7. 7. A Needs Analysis Of English For Specific… www.ijhssi.org 41 | P a g e IV. RESULTS OF THE NEEDS ANALYSIS Interpreting the response patterns of the questionnaire, we can come to the following conclusions: ■It can be inferred that the ‘mastery of language’ is considered instrumental in making good progress in studies (thus present needs) and in getting a good job in future and also making good progress in future career. ■The students need to learn all the four skills of language as compared to grammar and vocabulary. Speaking is more preferred as compared to the skills of listening, reading and writing. ■Students need a classroom environment which is supportive to their active participation by introducing pair and group work, and activities like games, role play, and projects. ■ They need a class where they are at the center and the role of the teacher is that of a facilitator and guide. ■Students attach great importance to the study of English. They believe that present approach and course material is not contributing to the improvement of their English. 4. `1: Teachers’ Attitudes to CA Teachers and their attitude play a crucial role in determining the implementation of any approach (Karavas-Doukas, 1996). Thus in the context it is suitable to present the results of the survey conducted among the teachers of universities to get an insight in their attitudes and beliefs about CA. The questions related to CA tried to investigate the attitude of the teachers in various areas like error correction, group and pair work, fluency and accuracy, and role relationship. 4.2. Teachers’ Response Pattern The following presentation, though brief in nature clearly demonstrates the attitude of the majority of the teachers to communicative approach. Table 13. Question 1 Teaching should focus on fluency rather than accuracy. Strongly Agree 25.12 Agree 43. 62 Neutral 7.21 Disagree 24.45 Strongly Disagree 24.72 Table 14. Question 2 Student should be at the center of knowledge transmission. Teacher should be their facilitator. Strongly Agree 43.07 Agree 30.74 Neutral 10.65 Disagree 10.78 Strongly Disagree 4.76 Table 15. Question 3 Teacher should spend a lot of time on role play/ games for learning/ group and pair work instead of just teaching and students only listening. Strongly Agree 32.12 Agree 69.5 Neutral 15.9 Disagree 7.27 Strongly Disagree 1.33 Table 16. Question 4 ELT syllabus should focus on developing all four skills. Strongly Agree 53.22 Agree 44.3 Neutral 4.78 Disagree 2.9 Strongly Disagree 1.33 Table 17. Question 5 Communicative language teaching is the best approach for your students. Strongly Agree 54.65 Agree 35.66 Neutral 1.42 Disagree 6.3 Strongly Disagree 1.97 The responses of the teachers lead to a conclusion that majority of them favors the features of communicative approach and one can assume that CLT if implemented in universities will find the kind of ownership among these teachers necessary for successful initiation of implementation of any change or innovation.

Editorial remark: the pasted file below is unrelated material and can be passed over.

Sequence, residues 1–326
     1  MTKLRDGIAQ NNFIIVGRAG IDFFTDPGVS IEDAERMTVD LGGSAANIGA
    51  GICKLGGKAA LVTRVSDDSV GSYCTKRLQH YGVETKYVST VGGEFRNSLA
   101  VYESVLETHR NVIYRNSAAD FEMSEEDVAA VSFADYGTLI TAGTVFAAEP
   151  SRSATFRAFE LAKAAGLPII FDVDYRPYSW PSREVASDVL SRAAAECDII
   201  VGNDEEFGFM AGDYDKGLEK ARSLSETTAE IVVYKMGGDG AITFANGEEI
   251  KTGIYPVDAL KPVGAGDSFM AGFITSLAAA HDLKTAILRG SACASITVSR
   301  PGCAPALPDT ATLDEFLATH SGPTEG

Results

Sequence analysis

8. 8. A Needs Analysis Of English For Specific… www.ijhssi.org 42 | P a g e V. CONCLUSION The analysis of data collected through a sample group of university students and teachers of educational administration has clearly indicated that there is strong and homogeneous bias towards CLT. The students desire the kind of learning culture which CLT can provide and teachers also favor the elements of CLT. However, these conclusions are limited to a specific group of students and teachers in a specific field of study, therefore the conclusion may not take as an indication of acceptance and ownership by students and teachers in other systems of education in Iran. REFERENCES [1] H. Ali Khan, Needs Analysis of Pakistani State Boarding Schools Secondary Level Students for Adoption of Communicative anguage Teaching. M.A Diss. School of Arts & Education of Middlesex University, London, 2007. [2] V.P. Clark, P.A. Escholz, and A. F. Rosa, (Language: Introductory readings. New York: St. Martin's Press, 1994) [3] D. Crystal, (English as a Global Language. Cambridge: Cambridge University Press, 1997) [4] D. Graddol, (The Future of English? The UK: The British Council, 1997) [5] E. Karavas-Doukas, Using Attitude Scales to Investigate Teachers’ Attitudes to the. Communicative Approach.’ English Language Teaching Journal, 50/3, 1996, 187-194. [6] S.L. McKay, (Teaching English as an International Language. Oxford: Oxford University Press, 2002) [7] D. Nunan, (Second Language Teaching and Learning. Boston: Heinle & Heinle, 1999) [8] D. Nunan, (The Learner-centred Curriculum. Cambridge: Cambridge University Press, 1988). [9] A. Rehmani, (Impact of public examination system on teaching and learning in Pakistan’ retrieved from http://www.aku.edu/akueb/pubexam.pdf on 15-05-2007, 2003) [10] J.C. Richards, (Communicative Language Teaching Today’. Retrieved from www.cambridge.com.mx/site/EXTRAS/jack- CD.pdf on 02-08-2008, 2007) [11] N. Thompson, (Communication & Language: A Handbook of Theory & Practice. New York: Palgrave Mcmillan, 2003) [12] I. Tudor, (Learner-centredness as Language Education. Cambridge: Cambridge University Press, 1996) [13] R. West, ‘Needs Analysis in Language Teaching’, Language Teaching Journal.27/1, 1994, 1-19. Appendix A Students’ questionnaire Please read the questions and response options carefully and put a cross in front of your response. 1-Why do you need to study English? Higher education Success for future profession Speak to foreigners Speak to friends and family others 2-When do you use English? When studying When socializing At home others 4-In future I shall be using English for Higher education Job/career socializing At home others